Bobbie Gentry

Screen Shot 2013-06-24 at 10.36.02 AMIn the fall of 2002, cast as Doc Porter in a college production of Beth Henley’s Pulitzer Prize-winning play, Crimes of the Heart, I received the following note from our director:

Go make a mix tape for your cast-mates.

What a gem of an assignment. Because the play takes place in Henley’s hometown of Hazelhurst, Mississippi in 1974, I spent a week researching music that would’ve emanated from the area’s popular music radio stations in the summer and fall of 1974, and — in addition to discovering that one of my favorite songs, Rufus & Chaka’s “Tell Me Something Good,” was the most-played song in Mississippi that year — on these smelly, old microfiche copies of handwritten playlists from a Jackson radio station, I discovered the smokey-voiced, insouciant, beautifully crafted songs of Bobbie Gentry.

bobbie-gentry-grammyAs he dusted off some of Gentry’s old vinyl recordings, one of the school’s librarians explained that Ms. Gentry’s “Ode to Billie Joe,” the haunting tale of Billie Joe McCallister who jumped off the Tallahatchie Bridge, which won three Grammys, was the only thing that could dethrone The Beatles’ Sgt. Pepper, taking the number one spot in the Summer of Love, 1967. That song, her first single, “Mississippi Delta,” and “Chickasaw County Child” all made the cut for what was to become the play’s pre-show music. And in the years since, her sultry, folksy, music, so deeply rooted in the Southern vernacular manner of storytelling has informed many of my creative ventures — in theater, in clothing, and as a writer.

The other day, another of her overnight smashes, the dauntless tale of the courtesan named “Fancy” came up in conversation. Someone incorrectly attributed the writing of the song to Reba McIntyre.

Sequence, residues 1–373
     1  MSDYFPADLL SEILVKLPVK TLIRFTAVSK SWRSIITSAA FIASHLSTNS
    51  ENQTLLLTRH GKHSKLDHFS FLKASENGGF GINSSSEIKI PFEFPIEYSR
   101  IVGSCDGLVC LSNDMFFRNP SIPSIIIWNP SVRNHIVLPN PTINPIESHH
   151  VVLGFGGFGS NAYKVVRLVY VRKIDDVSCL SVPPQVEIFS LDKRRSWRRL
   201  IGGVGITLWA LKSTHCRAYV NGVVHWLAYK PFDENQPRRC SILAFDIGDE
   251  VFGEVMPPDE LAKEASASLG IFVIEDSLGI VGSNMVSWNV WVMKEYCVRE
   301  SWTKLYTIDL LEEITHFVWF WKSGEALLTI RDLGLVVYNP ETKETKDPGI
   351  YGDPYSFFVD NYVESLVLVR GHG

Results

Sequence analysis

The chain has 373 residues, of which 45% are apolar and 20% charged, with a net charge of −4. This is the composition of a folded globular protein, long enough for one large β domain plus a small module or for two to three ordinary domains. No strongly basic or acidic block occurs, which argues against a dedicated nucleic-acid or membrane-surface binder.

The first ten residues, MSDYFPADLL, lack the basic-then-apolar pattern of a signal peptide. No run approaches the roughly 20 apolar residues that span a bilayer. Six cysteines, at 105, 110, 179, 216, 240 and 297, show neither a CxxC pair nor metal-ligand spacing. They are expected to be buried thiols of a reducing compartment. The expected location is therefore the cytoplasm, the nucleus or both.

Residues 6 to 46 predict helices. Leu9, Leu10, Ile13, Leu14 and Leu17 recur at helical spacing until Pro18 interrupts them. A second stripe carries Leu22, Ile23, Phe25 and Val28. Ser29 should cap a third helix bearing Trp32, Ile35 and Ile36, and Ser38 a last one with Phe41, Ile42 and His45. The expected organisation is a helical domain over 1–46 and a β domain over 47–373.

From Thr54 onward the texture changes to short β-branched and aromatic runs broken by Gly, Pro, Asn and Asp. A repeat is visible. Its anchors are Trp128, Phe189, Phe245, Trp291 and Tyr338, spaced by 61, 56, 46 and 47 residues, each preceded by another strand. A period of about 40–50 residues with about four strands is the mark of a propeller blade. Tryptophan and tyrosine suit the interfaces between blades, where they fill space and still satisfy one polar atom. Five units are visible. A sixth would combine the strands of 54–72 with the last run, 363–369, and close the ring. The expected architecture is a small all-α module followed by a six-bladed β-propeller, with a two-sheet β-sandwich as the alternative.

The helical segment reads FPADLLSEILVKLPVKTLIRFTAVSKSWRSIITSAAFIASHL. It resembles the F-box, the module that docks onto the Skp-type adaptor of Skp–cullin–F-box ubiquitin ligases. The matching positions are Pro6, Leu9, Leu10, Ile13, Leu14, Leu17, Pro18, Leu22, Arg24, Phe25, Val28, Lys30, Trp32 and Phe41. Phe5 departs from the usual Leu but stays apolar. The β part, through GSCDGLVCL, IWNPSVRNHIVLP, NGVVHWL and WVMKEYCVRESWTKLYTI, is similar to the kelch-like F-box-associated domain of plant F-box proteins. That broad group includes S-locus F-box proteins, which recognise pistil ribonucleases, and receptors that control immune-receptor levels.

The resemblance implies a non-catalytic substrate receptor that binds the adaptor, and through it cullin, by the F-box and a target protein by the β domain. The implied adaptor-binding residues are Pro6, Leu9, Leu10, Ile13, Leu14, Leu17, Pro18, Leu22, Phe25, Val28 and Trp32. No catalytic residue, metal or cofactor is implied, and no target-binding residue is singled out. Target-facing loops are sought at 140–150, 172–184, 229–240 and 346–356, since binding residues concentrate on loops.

Bobbie-GentryTo Ms. Gentry’s Wikipedia page — and down the rabbit hole — I went.

While reading the Wiki entry, I discovered Roseanne Cash’s BBC Radio 4 documentary Whatever Happened to Bobbie Gentry (audio link). In the last week, I’ve listened to this great story of the mysterious, talented individual a half-dozen times. As fascinating as I found her meteoric rise to stardom, I was baffled by her choice to leave the spotlight once and for all at the age of 37. My only wish for the piece was that Roseanne had been able to provide a clearer picture of the woman as she is today. Alas, I give props to the decision to respect Ms. Gentry’s privacy.


If you’re already familiar with Bobbie Gentry, take time to listen to Roseanne Cash’s story which includes interviews with modern singer-songwriters Shelby Lynne and Lucinda Williams, famed Muscle Shoals producer Rick Hall, and several of the musicians and record executives with whom Ms. Gentry worked through the years.

If this is the first you’re learning of Bobbie Gentry, thanks for taking time to join me in the rabbit hole. I hope you find her music as enrapturing as I do.

Whether or not you’re familiar with Beth Henley’s tragic comedy Crimes of the Heart, you can see the film version free of charge with an Amazon Prime account. It stars Diane Keaton, Jessica Lange, and Sissy Spacek, and features Sam Shepard in the role of Doc Porter.

Better yet, read the play.